The average new nurse on the Oncology unit is overwhelmed with the demands of caring for a patient that is often in pain, nauseated, needs blood and has numerous other needs. It is important for the new nurse to be supported when learning how to delegate to others. It is vital to the new nurse that the patient care team is ready to assist and offer encouragement. Lack of support can discourage open communication and can cause patient care to suffer. If the work environment does not encourage socialization of the nurse it can lead to high nurse turnover, poor patient outcomes, and excessive cost to the organization to hire and train for vacancies. Retaining new Registered Nurses can be particularly cost effective if preceptor properly and can save an organization from $82,000 to $88,000 per RN (Pellico, Kovner, & Brewer, 2009, para. 3).
Socialization is a lifelong process that continues throughout the career of a nurse. As the new nurse progresses they begin to function more independently and reflect upon the changes they feel with their coworkers and preceptor. (Reising, 2009, p. 23) In each different role the socialization of the nurse is a little different. As a bedside nurse, it is important to learn basic tasks and time management, it is vital to focus on patient safety and work as a team member. If the nurse grows and moves up the ranks and assumes a leadership position he/she will try to gain support of peers and subordinates. The nurse leader will work to earn respect and learn to engage employees. Each nurse will be socialized based on his/her present job description. As a nurse for over 5 years now and working at the bedside and as a clinical coordinator I have experienced many different levels of socialization.
From the first day of nursing school I reached different milestones that prepared me for the culture in healthcare organizations. Orientation prepared me for the interpersonal relationships I would develop and as I gained experience those relationships strengthened. As I grew into my new profession and tried new roles, I began to use my strengths to excel and my confidence increased. I knew what questions to ask and how to answer questions that were asked of me. I began to feel comfortable in my surrounding and knew who I could count on to help me clinically and to lend support. I pride myself in now offering my knowledge to new nurses, to assisting them in feeling welcome and comfortable.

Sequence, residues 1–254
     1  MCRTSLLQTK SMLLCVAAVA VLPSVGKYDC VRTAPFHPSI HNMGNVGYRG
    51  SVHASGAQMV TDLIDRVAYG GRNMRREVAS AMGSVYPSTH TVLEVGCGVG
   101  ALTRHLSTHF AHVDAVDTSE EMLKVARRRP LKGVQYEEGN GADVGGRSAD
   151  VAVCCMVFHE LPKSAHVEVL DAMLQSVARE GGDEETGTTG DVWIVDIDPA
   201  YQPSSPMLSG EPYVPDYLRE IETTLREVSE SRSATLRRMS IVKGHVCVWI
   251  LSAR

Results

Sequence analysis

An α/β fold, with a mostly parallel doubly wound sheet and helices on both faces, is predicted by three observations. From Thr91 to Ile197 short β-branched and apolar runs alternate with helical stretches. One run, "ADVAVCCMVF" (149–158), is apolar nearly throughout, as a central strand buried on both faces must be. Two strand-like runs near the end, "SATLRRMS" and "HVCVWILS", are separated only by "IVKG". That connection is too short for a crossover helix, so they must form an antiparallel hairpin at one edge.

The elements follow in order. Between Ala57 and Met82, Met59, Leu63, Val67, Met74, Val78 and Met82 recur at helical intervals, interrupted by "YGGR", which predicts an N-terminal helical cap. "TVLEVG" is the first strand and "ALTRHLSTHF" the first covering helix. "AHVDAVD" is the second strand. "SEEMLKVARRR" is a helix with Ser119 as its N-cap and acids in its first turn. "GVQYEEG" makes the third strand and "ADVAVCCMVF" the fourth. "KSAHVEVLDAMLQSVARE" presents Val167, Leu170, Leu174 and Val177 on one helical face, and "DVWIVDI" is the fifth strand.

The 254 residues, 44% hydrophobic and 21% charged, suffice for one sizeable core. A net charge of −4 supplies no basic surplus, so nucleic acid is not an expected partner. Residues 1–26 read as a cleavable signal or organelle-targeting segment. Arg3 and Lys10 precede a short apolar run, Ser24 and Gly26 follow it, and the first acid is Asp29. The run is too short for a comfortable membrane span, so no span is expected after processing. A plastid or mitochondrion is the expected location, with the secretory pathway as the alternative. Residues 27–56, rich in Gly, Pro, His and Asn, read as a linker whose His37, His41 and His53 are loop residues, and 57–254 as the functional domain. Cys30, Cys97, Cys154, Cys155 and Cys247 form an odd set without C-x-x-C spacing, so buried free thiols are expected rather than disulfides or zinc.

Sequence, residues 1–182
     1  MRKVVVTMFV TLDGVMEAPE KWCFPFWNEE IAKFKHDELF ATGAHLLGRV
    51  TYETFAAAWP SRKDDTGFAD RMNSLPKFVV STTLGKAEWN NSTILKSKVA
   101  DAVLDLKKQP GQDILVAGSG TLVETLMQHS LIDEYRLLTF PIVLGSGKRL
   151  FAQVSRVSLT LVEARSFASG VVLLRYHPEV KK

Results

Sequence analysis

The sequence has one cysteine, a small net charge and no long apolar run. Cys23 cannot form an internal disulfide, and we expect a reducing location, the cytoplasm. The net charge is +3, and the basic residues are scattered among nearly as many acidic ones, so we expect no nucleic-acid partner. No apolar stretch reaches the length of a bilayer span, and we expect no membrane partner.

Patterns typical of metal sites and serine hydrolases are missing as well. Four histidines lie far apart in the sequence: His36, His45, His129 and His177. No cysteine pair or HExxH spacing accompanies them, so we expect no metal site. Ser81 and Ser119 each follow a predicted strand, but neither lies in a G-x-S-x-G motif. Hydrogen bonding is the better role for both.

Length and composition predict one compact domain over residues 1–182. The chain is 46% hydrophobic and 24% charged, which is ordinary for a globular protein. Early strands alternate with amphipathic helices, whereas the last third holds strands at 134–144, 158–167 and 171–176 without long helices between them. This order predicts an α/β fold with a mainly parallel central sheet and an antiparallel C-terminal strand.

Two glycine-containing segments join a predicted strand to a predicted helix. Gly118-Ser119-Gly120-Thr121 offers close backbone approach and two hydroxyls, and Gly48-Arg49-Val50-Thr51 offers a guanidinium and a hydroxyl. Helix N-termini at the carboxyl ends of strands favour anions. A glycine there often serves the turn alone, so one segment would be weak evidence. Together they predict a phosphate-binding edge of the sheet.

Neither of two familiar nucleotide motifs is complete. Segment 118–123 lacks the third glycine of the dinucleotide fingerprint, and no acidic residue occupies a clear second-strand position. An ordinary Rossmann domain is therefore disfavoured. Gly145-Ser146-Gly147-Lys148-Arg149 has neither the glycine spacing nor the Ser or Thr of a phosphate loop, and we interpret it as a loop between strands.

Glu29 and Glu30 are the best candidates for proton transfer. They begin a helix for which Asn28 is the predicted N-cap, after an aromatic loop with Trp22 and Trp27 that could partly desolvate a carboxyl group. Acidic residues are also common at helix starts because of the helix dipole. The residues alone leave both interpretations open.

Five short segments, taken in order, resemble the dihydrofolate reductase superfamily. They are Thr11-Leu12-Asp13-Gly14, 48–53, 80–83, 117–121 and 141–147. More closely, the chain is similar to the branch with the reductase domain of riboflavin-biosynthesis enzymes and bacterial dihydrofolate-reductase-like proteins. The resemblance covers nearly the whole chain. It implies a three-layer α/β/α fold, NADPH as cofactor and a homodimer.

I know that I cannot do what I do every day alone. I need coworkers that are willing to work together and know that it is the responsibility of every nurse to embrace the new nurse and give her the support she needs to love her profession. I also remember what I feared as a new nurse and I hope that I can help alleviate those fears as I take an inexperienced caregiver under my wing. Nobody knows what the future holds for your career as an RN. The new nurse that you may have mentored and taught may be teaching you a thing or two in the future. That is the great thing about nursing. Nurses grow and the profession changes. Always be kind to those that need you because chances are you will need them too!
Creasia, J. L., & Friberg, E. E. (2011). Conceptual Foundations (5th
ed.). St. Louis, MI: Elsevier Mosby. Pellico, L. H., Kovner, C. T., & Brewer, C. S. (2009, November 2). Moving On, Up, or Out: Changing Work Needs of New RNs at Different Stages of Their Beginning Nursing Practice. The Online Journal of Issues in Nursing. Retrieved from www.nursingworld.org/mainmenucategories/anamarketplace/anaperidocials/OJIN Reising, D. L. (2009). Early Socialization of New Critical Care Nurses. American Journal of Critical Care, 11, 19-26. Retrieved from ajcc.aacnjournals.org
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Nursing Socialization. (2016, Dec 19). Retrieved from https://studymoose.com/nursing-socialization-essay